Seriously - I think you could save yourself some angst by not focusing so much on whether it's Class A and instead actually listening to these amps in your system with your speakers.  Then you can make up your mind if the features and sound quality are worth spending the money.  The online retailers will let you do exactly that for effectively the carrying cost of one month's interest on the purchase price.
May 24, 2010 at 1:38 PM Post #10 of 26
I have the service manual of the Marantz with all schematics and design parameters, and if I'm not mistaken, we discussed that some time ago with a couple of friends that were professionals of the field, and it works in class A while selected, and it gets really hot in class A, to the point that you can barely touch the case....I have heard a few good amps that are class AB and sound as good as class A, the best bet is on vintage audio, Sansui, Pioneers, Marantz, from the 70's, but I do not want to go to an old electronic device that will be more prone to break that gimme me enjoyment for long years....any way if I go with tubes, it will be far worst in energy and parameters...
BTW do not understimate Class A in efficiency, it is true that is the worst of all three, but AB gives you about one third per channel of the toal power, in other words a 100 Watts power consumption amp, will give you roughly around 35W RMS per channel... 
May 24, 2010 at 4:04 PM Post #11 of 26
LOL - you are kidding about the efficiency of a Class A amp, right?  Class A's biggest inefficiencies are at low levels, where the output devices are biased with at least enough juice to develop half rated power - and if it's not developing half power at the speaker terminals, then any extra becomes heat.  Class AB usually only biases the output devices to stay in Class A for a handful of watts, so they are much more efficient at low power outputs.
As for how hot your PM7200 gets in Class A, mine didn't so maybe the switch wasn't working as designed in the one I used.  It got warmer, but hardly hot (not like the Threshold I'd had).  Which of course brings up the possibility that mine would have sounded better if it did run in Class A.  We'll never know.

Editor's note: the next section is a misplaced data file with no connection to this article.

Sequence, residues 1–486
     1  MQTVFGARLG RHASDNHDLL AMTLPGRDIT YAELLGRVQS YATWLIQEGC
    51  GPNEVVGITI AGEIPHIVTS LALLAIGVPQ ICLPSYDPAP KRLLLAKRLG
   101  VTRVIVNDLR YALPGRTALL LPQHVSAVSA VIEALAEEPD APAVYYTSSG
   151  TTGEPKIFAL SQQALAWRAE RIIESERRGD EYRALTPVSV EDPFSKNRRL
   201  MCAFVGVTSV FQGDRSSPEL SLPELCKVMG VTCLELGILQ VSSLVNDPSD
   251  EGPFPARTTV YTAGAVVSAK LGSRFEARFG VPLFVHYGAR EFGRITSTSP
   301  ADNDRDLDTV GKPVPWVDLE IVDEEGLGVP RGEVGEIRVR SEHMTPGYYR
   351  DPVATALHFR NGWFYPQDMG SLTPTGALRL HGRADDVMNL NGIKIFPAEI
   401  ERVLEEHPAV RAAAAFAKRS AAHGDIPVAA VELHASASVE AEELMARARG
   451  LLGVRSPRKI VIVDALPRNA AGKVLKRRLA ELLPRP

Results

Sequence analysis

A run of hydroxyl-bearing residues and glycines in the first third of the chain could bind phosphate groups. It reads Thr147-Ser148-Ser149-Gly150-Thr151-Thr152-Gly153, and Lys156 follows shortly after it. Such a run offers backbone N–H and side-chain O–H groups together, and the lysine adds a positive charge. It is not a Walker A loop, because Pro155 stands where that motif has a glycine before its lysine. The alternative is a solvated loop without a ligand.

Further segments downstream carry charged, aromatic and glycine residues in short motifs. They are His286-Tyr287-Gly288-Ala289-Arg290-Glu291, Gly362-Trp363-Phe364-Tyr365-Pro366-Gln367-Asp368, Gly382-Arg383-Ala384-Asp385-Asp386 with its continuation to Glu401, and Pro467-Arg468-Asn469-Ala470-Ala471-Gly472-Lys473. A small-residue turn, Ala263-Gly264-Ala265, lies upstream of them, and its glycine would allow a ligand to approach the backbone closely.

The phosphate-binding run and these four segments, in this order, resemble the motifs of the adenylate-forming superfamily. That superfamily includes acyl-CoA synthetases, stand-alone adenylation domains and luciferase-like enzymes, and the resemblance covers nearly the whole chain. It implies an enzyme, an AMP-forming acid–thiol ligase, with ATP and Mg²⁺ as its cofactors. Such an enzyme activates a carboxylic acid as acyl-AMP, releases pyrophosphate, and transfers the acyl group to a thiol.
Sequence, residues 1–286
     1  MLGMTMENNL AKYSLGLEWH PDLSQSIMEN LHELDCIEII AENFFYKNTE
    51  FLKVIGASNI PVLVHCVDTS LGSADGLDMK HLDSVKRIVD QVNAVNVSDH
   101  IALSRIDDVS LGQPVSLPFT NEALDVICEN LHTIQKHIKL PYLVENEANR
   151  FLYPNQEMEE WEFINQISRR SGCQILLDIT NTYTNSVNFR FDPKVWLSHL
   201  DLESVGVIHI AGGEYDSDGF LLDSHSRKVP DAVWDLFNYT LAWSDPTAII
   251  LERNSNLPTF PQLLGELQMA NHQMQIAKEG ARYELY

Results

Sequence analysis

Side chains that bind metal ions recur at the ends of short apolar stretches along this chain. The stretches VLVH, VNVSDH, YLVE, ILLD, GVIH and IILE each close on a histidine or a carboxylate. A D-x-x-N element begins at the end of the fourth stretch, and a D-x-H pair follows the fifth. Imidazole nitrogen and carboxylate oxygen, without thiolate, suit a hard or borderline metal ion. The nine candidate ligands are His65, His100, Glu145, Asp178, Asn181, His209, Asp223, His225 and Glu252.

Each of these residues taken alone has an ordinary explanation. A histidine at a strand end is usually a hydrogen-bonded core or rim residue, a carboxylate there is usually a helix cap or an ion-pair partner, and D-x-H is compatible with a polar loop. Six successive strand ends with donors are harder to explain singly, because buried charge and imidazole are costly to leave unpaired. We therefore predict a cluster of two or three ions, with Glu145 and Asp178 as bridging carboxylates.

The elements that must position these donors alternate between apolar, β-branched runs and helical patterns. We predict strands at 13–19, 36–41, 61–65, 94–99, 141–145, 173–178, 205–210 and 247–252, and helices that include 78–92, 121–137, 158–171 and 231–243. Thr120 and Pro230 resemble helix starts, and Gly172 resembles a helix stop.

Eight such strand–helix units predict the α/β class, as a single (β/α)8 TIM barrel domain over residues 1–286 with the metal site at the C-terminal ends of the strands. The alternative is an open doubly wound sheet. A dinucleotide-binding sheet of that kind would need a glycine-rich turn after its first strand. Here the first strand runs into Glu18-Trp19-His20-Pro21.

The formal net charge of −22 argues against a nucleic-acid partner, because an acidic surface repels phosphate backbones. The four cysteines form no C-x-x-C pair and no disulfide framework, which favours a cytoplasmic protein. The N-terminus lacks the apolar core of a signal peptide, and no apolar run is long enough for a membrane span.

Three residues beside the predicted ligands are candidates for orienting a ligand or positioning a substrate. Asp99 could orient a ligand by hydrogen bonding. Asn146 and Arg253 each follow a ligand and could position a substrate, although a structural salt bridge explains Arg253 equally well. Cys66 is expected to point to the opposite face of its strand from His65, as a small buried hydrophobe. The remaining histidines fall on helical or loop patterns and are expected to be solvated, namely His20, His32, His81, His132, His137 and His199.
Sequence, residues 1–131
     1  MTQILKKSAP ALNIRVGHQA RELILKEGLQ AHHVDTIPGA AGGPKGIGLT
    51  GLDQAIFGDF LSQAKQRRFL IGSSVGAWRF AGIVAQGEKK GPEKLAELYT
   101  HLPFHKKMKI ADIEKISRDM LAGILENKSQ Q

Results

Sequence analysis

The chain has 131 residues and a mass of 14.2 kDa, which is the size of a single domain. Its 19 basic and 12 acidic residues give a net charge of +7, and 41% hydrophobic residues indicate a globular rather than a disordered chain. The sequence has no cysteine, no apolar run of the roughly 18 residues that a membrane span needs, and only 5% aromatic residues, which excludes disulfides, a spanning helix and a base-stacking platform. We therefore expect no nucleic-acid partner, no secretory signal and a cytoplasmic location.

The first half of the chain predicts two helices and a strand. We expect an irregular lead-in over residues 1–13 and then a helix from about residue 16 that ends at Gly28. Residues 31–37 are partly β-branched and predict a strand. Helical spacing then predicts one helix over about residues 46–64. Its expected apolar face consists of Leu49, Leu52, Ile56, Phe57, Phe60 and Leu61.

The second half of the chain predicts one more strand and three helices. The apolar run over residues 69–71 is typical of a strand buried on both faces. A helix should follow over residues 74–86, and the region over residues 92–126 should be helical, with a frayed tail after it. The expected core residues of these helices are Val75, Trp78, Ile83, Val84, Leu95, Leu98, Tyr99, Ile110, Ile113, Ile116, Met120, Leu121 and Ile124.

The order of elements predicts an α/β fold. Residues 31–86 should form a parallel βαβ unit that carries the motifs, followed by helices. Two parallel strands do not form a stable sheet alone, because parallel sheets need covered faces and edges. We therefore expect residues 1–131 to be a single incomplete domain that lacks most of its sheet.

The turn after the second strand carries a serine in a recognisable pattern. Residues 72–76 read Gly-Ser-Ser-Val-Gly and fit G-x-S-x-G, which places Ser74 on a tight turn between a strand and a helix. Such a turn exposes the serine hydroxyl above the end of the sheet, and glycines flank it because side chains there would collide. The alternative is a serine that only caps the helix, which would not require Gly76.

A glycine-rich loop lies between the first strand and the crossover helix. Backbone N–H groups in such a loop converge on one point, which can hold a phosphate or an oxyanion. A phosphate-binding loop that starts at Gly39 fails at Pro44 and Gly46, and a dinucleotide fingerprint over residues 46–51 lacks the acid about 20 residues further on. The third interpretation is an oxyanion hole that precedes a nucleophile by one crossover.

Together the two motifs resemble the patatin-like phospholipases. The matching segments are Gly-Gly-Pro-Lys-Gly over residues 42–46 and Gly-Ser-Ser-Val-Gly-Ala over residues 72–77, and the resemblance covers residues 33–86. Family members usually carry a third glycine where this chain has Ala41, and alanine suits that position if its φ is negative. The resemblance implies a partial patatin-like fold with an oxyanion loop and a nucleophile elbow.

Forgetting all the back and forth on Class A for a second, I still think you'd be well served by auditioning amps in your system vs. the Marantz.  The only thing the Marantz is missing from your description are the preamp outs and maybe some additional headroom (ok - and the bling).  You don't seem to have any complaints about the sound quality.  If you do the auditions then you can make up your mind if the features and sound quality justify replacing the Marantz.
As for a list of amps to consider for a reasonable price, I'd just put up the usual suspects - NAD, Cambridge, Arcam.  You'll have to do the research to figure out which ones have the features you want.  I'd also suggest looking at Emotiva Audio.  No integrateds - but the pre and budget amp combo might meet your needs and fit your budget.
May 24, 2010 at 5:20 PM Post #12 of 26
I'm not saying that class A is efficient, just that Class AB is not the last word in amplification efficiency neither, also all comes at a price, sound quality...I'm trying to work the best deal on the NAD let's see, unless I find something better...
May 24, 2010 at 5:32 PM Post #13 of 26
Go over to Audio Asylum and post the same post. Also do a search on what is going on with NAD quality issues. Most of all their gear is up for factory manufactured units. The NAD is class A/B Musical Fidelity A1 is class A and is selling for 1K. Monarchy doesn't make any intergrated amps all separates but class A. Just trying to save you some grief with the NAD. I owned a 3140 NAD that lasted me 20 years. But since NAD was sold not same anymore.
May 24, 2010 at 6:24 PM Post #14 of 26
I received an email from the dealer, he carries other brands, Arcam, Cambridge, Krell, Music Hall, etc...a very long list, according to them this NAD is the best amp they have in the price range, and of course he could sell me any other, he has no particular interest in selling me an amp that will give them troubles...
I'm not saying that the NAD is the best amp out there, just that I have not found any other in the price range that I like better, at least looking at the amp and specs, not much, and at the end the listening is what will make me decide, but this is getting harder, as there is not too many options around to choose from.  
May 24, 2010 at 6:55 PM Post #15 of 26
Frank how about the Cambridge 740A, it looks very attractive, simplist design, very clean, but not sure neither how good those tend to be, or how they will sound??? It is not Class A for sure...
Contacted them and it will not drive 4ohms safely, at least they "will not guarantee a safe operation", so one down. Two to go...

Users who are viewing this thread